When reading Google's motion, I got the impression that Google's lawyers know there isn't an extremely pressing reason for combining those cases. It's more like Google would have a preference--and asking is free (apart from legal fees in this case). Logistics formally play a role, but with so much at stake, all that Google cares about is the chances of one outcome over another. With so many San-Francisco-to-Silicon-Valley commuters, it's hard to tell where the pool of potential jurors would be more likely to be sympathetic to Google; and Epic doesn't even want a jury to be involved, though Google could potentially bring counterclaims that would involve damages and request a jury trial. So Google's preference is all about the judge in the end.

The fact that Judge Freeman granted a motion by Google to dismiss an Android antitrust case more than half a decade ago is presumably the reason why Google would like to bring the next motion of this kind in her court, too. Also, both Judge Donato and Judge Freeman are among the numerous Obama appointees in that district, so there's probably not much of an ideological difference.

But there really are fundamental differences between those cases. The theory of harm in Feitelson was that consumers paid more for their Android phones than they'd have had to if Google had allowed Android device makers to take money from other search engines and if those OEMs had in turn lowered their prices. Google's Mobile App Distribution Agreements (MADAs) with device makers are at issue either way, but as we all know, Epic isn't seeking to compete with Google on search, nor does Epic want to pay less for an Android phone. Epic just wants more than 70% of the in-app purchasing (IAP) revenues it generates, and believes that the way to bring down Google's cut is to allow alternative in-app payment services.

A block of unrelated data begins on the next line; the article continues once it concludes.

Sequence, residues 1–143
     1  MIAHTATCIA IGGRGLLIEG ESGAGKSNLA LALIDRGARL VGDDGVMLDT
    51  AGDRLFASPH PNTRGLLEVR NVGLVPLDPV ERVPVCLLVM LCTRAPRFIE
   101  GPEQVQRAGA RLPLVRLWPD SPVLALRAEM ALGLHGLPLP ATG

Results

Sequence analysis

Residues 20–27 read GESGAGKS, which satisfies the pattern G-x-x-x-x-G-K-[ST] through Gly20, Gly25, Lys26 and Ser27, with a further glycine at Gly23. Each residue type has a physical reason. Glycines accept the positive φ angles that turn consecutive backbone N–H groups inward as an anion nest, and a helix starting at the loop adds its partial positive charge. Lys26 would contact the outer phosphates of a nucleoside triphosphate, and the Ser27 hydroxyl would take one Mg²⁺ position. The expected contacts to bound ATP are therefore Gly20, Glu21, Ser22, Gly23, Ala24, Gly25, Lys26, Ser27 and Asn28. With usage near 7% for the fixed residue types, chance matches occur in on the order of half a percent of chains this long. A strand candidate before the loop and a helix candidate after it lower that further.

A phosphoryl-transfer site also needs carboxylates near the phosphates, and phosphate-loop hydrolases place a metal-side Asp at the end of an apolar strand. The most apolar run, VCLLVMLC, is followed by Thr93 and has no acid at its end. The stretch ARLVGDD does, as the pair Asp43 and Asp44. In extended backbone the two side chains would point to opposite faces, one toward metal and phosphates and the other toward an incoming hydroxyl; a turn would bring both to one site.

Given those major differences between the current Play Store cases and the defunct mobile search case (even though "Android" and "antitrust" are common buzzwords), Google may overestimate the likelihood of Judge Freeman granting another motion to dismiss. Who knows, maybe Judge Donato would actualy be more inclined to do in this case. Not only Google but also Epic apparently feels that the Feitelson past may be an indication of Judge Freeman being less willing than the average other district judge to consider the Android business model anticompetitive. That's why Epic is opposing Google's motion (this post continues below the document):

20-09-14 Epic Opposition to... by Florian Mueller

What's going to happen now depends on Judge Freeman. If she wants those three new Android antitrust cases, even the thin connection--which Google overstates to a greater extent than Epic downplays it--would be more than sufficient for her to take over. Judge Donato simply assigned one of those newer cases (Carr) to himself, taking it away from Judge Freeman (which doesn't necessarily mean she was disappointed, much less that he was being rude). But the fact that the Feitelson case is so old means Judge Freeman has the choice. We'll see how interested she is in this stuff.